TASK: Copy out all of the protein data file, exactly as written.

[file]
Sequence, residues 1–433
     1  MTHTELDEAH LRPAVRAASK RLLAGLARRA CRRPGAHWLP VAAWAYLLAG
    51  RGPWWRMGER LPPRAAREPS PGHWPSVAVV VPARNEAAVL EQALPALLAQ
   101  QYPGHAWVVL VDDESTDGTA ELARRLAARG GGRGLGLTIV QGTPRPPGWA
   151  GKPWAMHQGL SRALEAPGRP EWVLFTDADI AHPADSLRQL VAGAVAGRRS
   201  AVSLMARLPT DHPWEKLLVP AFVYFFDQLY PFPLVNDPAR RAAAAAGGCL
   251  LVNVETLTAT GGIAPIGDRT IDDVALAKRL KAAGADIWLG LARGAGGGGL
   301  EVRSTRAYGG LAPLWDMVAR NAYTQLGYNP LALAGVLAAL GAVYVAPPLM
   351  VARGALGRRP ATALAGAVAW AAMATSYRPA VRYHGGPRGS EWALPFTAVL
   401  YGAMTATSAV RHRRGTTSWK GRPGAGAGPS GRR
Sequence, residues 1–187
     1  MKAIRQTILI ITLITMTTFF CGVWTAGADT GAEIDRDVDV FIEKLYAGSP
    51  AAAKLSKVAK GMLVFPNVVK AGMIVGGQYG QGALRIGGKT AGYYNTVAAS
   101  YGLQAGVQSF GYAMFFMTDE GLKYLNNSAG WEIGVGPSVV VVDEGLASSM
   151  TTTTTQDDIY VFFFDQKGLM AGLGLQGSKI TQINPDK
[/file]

Sequence, residues 1–433
     1  MTHTELDEAH LRPAVRAASK RLLAGLARRA CRRPGAHWLP VAAWAYLLAG
    51  RGPWWRMGER LPPRAAREPS PGHWPSVAVV VPARNEAAVL EQALPALLAQ
   101  QYPGHAWVVL VDDESTDGTA ELARRLAARG GGRGLGLTIV QGTPRPPGWA
   151  GKPWAMHQGL SRALEAPGRP EWVLFTDADI AHPADSLRQL VAGAVAGRRS
   201  AVSLMARLPT DHPWEKLLVP AFVYFFDQLY PFPLVNDPAR RAAAAAGGCL
   251  LVNVETLTAT GGIAPIGDRT IDDVALAKRL KAAGADIWLG LARGAGGGGL
   301  EVRSTRAYGG LAPLWDMVAR NAYTQLGYNP LALAGVLAAL GAVYVAPPLM
   351  VARGALGRRP ATALAGAVAW AAMATSYRPA VRYHGGPRGS EWALPFTAVL
   401  YGAMTATSAV RHRRGTTSWK GRPGAGAGPS GRR
Sequence, residues 1–187
     1  MKAIRQTILI ITLITMTTFF CGVWTAGADT GAEIDRDVDV FIEKLYAGSP
    51  AAAKLSKVAK GMLVFPNVVK AGMIVGGQYG QGALRIGGKT AGYYNTVAAS
   101  YGLQAGVQSF GYAMFFMTDE GLKYLNNSAG WEIGVGPSVV VVDEGLASSM
   151  TTTTTQDDIY VFFFDQKGLM AGLGLQGSKI TQINPDK